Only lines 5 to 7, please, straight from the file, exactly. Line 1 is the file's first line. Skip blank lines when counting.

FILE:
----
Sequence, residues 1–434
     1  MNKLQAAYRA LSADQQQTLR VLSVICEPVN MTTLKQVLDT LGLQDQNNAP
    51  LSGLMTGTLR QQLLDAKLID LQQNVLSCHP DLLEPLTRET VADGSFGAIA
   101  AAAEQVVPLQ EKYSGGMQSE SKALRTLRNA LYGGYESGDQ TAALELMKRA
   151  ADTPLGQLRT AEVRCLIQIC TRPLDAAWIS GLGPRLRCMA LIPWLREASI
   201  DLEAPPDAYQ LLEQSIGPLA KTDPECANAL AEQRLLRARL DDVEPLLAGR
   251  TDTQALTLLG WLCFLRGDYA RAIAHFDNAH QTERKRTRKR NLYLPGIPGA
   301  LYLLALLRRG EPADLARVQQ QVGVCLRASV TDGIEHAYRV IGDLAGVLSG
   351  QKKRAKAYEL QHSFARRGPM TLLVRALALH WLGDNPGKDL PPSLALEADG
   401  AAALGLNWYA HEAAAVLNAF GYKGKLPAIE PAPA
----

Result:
   151  ADTPLGQLRT AEVRCLIQIC TRPLDAAWIS GLGPRLRCMA LIPWLREASI
   201  DLEAPPDAYQ LLEQSIGPLA KTDPECANAL AEQRLLRARL DDVEPLLAGR
   251  TDTQALTLLG WLCFLRGDYA RAIAHFDNAH QTERKRTRKR NLYLPGIPGA